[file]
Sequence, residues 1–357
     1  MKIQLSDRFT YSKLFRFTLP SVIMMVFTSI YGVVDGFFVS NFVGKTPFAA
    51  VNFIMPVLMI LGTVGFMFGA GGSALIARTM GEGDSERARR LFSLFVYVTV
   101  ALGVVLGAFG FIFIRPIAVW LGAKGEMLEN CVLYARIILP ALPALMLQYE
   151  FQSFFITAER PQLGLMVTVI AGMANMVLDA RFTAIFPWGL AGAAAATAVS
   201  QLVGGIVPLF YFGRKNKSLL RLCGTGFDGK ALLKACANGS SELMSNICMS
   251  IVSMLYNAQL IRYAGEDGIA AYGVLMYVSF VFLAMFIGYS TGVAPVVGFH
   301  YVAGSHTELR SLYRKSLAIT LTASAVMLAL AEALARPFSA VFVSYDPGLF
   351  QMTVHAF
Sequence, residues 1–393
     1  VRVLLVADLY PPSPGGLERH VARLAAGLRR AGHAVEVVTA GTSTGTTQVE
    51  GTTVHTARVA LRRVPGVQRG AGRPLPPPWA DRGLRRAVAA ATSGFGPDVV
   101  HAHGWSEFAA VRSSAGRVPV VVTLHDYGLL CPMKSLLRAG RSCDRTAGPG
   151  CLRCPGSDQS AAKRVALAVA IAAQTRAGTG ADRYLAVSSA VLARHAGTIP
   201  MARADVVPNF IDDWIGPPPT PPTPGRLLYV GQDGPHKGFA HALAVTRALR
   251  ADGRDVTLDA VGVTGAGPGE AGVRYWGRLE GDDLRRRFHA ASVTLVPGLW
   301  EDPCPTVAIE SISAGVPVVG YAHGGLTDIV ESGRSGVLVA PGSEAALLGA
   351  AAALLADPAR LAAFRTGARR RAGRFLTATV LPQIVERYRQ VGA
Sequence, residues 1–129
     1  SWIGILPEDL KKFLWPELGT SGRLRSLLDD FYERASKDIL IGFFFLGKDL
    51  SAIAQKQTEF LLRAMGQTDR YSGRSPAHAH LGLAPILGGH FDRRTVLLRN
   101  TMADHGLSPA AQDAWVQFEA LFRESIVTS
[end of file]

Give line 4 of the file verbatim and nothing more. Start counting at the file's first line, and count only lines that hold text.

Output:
   101  ALGVVLGAFG FIFIRPIAVW LGAKGEMLEN CVLYARIILP ALPALMLQYE